Friday, 30 October 2009

The Babel orifice

Again, another of those things that spawned from a peculiar dream. It was about wings, cultists and killing people. And lights, I think.
Time are changing, the population is growing. While we're getting by these days, the future may tell a different story.

In the early months of 2059, a worldwide initiative began. In order to make more room for housing, areas of beauty and historic interest would be remodelled into cheap apartment blocks. The original articles would be recreated using the latest virtual reality technology, allowing the world to experience them in the utmost comfort and convenience.
One of the last areas to be destroyed was Barden tower, North Yorkshire. A simple enough job, just run a wrecking ball through the base and watch as the upper half of the tower slid out of sight...
Wait, what?
Experts travelled from around the globe to witness and study this apparently natural phenomenon; a hole in reality, about 200 feet across hung in the sky supported by nothing. It didn't even appear to be doing anything interesting. No unspeakable horrors burst forth from it, nothing fell out, it was just a hole. Early scouting operations revealed that it lead to a curious land, a place where the sky was a perpetual, unbroken blue and the ground consisted entirely of what appeared to be discarded plastic, metal and rubber waste, spotlessly clean but damaged and bent beyond all use or recognition.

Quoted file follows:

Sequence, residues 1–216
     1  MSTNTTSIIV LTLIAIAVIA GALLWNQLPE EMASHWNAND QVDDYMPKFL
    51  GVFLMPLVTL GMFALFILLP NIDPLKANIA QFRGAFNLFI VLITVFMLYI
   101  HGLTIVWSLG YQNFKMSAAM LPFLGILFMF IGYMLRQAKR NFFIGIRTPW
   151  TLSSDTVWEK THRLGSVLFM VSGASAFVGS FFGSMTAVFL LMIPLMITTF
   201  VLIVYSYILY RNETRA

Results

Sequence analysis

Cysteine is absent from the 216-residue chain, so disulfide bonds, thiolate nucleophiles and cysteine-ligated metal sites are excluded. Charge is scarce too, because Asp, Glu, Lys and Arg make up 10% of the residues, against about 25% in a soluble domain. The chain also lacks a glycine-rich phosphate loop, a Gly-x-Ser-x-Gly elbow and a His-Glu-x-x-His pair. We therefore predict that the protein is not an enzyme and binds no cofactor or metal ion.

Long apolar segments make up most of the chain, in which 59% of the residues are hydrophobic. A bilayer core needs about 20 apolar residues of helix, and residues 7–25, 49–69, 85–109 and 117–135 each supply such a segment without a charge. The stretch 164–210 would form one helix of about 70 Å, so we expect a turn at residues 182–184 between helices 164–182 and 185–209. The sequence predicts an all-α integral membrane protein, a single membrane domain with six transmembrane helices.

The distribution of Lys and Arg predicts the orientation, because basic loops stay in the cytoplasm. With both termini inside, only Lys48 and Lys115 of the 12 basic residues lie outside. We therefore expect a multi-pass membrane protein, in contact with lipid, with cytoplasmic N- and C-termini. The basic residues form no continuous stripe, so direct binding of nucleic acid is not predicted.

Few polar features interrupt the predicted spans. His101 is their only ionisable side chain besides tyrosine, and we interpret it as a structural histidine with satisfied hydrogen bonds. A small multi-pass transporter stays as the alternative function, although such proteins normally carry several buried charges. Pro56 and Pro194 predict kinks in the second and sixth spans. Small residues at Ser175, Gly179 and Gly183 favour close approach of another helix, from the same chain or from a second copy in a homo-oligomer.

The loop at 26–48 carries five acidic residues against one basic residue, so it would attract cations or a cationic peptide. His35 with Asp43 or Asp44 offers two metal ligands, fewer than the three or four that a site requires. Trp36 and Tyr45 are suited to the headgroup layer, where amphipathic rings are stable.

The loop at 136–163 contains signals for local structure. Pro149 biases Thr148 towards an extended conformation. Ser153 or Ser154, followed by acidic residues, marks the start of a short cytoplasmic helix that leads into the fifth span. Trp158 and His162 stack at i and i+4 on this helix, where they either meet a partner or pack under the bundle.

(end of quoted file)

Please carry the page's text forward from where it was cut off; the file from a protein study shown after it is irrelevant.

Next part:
A few things happened. As word got out, the army were the first to take action, deciding to conquer this new land in the name of the crown. They set up small base camps, small strategic areas were fortified, others were destroyed. This achieved next to nothing. The army withdrew a few months after their initial occupation, leaving the site free for all manner of oddness to enter it.
The first civilians were the adventurers. People leading expeditions, trying to discover anything of interest. The regular explorers soon realised that it was rubbish all the way across. A neverending landscape of waste roughly three quarters the size of our Earth but lacking any water. Digging machines were deployed, most by wealthy oil tycoons attempting to cash in on an untapped landscpae. This revealed, several broken machines later, that it was garbage all the way down, too, but some of the metals were composed of an alloy unlike anything known to us. It could be bent slightly but seemed completely resistant to any attempts to pierce or otherwise damage it.